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|Title:||SPREADING WINGS - SINGAPORE DIRECT INVESTMENTS IN CHINA||Authors:||KAM MEI LING, ESTHER||Issue Date:||1994||Citation:||KAM MEI LING, ESTHER (1994). SPREADING WINGS - SINGAPORE DIRECT INVESTMENTS IN CHINA. ScholarBank@NUS Repository.||Abstract:||At a time when the Singapore Government is giving top priority to developing the external economy and encouraging more businessmen to venture overseas, China beckons for more investments. Singapore firms have responded by investing about USSI.4 billion in every province in China except Xinjiang and Xizang (Tibet). The aim of this academic exercise is to provide an inventory and analysis of Singapore firms investing in China and thus to offer a starting point for examining the foreign direct investment (FDI) behaviour of Singapore firms in general. One hundred Singapore firms with investments in China have been identified. An ensuing analysis shows that while most investment projects have concentrated in the construction and manufacturing sectors, the scope of activity is now more diversified. Traditional theories are discussed for their validity in explaining the motivations and behaviour of Singapore firms in their investments in China. They include Dunning's eclectic paradigm, Vernon's theory of the product cycle, Coase's theory of the firm, location theory, and the economics of imperfect competition as propounded by Hymer & Kindleberger. In addition, the established results of previous works on Singapore multinationals are also adopted to complement the explanations. As evidenced in their investments in China, Singapore firms possess competitive advantages mainly in the areas of managerial and marketing expertise, access to capital, international connections and technology. Direct investment is the preferred investment mode for several reasons. One of which is the difficulty in determining the value of inputs such as know-how and technology. Location-specific advantages also encourage Singapore firms to undertake FDI. Because these advantages vary from country to country, the choice of investment location made by the Singapore firm is likely to depend on the association between its firm-specific factors and the location-specific characteristics of the country. The study reports on the size of Singapore investments in China, the industry concentration and geographical spread, and describes the incentives and problems faced by Singapore firms in their advance into China. It also offers explanations for Singapore firms to invest abroad and the implications for the Singapore economy. Recommendations for possible government actions to facilitate the investment drive are also proposed.||URI:||https://scholarbank.nus.edu.sg/handle/10635/170392|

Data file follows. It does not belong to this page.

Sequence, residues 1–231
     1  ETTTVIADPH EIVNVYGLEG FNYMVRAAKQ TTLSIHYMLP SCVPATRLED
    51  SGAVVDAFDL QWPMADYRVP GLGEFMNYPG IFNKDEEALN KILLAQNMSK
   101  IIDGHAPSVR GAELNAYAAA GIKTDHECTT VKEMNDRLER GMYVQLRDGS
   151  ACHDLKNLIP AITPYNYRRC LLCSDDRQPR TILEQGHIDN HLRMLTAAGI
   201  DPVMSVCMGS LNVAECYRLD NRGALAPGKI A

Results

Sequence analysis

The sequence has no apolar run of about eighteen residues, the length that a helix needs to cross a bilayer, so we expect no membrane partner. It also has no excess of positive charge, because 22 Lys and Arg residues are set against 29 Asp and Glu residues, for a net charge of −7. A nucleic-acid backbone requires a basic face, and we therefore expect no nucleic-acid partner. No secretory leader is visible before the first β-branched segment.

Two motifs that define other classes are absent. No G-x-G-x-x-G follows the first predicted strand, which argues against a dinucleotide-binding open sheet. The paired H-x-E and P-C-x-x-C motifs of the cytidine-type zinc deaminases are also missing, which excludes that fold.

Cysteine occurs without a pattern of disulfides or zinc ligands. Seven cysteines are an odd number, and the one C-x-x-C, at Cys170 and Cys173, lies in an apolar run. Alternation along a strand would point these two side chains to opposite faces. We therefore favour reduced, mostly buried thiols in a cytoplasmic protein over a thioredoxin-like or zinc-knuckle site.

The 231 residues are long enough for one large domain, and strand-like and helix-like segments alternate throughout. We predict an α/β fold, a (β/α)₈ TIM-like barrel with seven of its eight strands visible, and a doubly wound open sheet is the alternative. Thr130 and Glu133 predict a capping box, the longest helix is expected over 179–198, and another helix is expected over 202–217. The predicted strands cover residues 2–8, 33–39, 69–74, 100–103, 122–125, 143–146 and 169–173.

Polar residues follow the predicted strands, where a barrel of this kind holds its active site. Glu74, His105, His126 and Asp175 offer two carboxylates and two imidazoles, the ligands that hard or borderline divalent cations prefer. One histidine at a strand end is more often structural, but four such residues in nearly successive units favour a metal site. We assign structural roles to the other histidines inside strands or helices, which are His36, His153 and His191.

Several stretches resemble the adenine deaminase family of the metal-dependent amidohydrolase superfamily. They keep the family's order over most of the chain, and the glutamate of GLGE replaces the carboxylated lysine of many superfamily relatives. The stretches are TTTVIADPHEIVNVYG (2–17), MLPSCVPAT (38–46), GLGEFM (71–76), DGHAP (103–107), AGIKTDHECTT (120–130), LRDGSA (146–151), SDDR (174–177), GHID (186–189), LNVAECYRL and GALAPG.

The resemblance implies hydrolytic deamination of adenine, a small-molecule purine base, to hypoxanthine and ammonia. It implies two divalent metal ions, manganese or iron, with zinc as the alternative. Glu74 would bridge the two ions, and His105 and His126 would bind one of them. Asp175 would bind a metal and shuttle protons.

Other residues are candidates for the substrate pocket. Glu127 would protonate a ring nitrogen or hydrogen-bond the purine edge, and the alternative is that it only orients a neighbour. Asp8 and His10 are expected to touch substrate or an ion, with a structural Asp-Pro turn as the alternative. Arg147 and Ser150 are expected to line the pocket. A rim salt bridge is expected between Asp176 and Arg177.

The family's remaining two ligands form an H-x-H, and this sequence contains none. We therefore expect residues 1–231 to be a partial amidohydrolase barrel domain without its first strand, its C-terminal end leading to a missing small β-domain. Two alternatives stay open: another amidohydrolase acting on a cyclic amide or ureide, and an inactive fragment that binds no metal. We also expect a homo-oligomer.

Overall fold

|Appears in Collections:||Bachelor's Theses|
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